Here’s a moving story by the NY Times’ Samuel Freedman on ROTC graduation at the University of New Hampshire.
From the second seat in the front row of the auditorium, Rachael Brown rose and marched onto the podium, standing before the flags of her state and her nation. She wore the crisp olive coat and skirt of her Class A uniform, and her black flats gleamed with a spit-shine. As a sergeant strode across the stage and toward her, she raised her right hand to be sworn into the United States Army as a second lieutenant.
Three rows from the back of the same room, Karen Brown gazed on this most improbable spectacle. Here was the daughter she had told about her own days protesting against the Vietnam War, the daughter who had led cross-country ski trips through the White Mountains, the daughter who had made that Bulgarian cheese casserole for the international dinner in her dormitory. And that daughter was culminating four years in the R.O.T.C. program at the University of New Hampshire and taking up what soldiers call “the profession of arms.”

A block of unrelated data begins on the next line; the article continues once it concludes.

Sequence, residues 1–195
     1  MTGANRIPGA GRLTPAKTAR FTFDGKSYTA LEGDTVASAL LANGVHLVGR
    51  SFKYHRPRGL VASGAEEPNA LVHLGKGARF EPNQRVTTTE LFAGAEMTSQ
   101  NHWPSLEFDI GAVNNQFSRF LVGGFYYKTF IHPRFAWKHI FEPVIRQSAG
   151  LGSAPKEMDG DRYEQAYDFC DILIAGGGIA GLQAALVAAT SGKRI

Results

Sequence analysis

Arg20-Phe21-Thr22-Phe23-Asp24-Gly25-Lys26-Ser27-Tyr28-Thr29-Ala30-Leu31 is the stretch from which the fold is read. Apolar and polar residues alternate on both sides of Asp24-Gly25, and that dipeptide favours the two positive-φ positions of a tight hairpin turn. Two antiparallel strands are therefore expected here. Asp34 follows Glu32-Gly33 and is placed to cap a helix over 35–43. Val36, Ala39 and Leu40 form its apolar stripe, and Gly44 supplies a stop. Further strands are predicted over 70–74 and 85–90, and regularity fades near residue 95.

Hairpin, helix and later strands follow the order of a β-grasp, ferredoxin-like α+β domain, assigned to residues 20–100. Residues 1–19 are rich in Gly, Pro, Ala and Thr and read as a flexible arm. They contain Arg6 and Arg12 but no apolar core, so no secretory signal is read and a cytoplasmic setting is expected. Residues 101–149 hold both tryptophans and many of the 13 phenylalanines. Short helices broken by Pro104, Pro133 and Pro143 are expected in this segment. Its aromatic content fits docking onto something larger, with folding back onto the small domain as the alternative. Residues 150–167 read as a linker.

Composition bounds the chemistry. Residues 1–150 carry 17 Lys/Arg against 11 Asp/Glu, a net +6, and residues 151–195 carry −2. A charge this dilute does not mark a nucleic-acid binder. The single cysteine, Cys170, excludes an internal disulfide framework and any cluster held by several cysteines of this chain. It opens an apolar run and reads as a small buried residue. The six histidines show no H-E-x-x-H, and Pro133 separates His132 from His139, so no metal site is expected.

After Rachael, 22, had recited the oath, Karen Brown walked to the podium. She had on sandals and a batik peasant dress, and her corn-silk hair fell straight to her shoulders. At the appointed moment, she pinned the second-lieutenant’s bars on Rachael’s uniform. Then she lightly patted the bars, with a tenderness that suggested she was patting her memory of a little girl she wished to protect.
Rachael Brown, who will work in medical support, exchanges e-mails with a female friend who’s now serving as a military engineer in Afghanistan.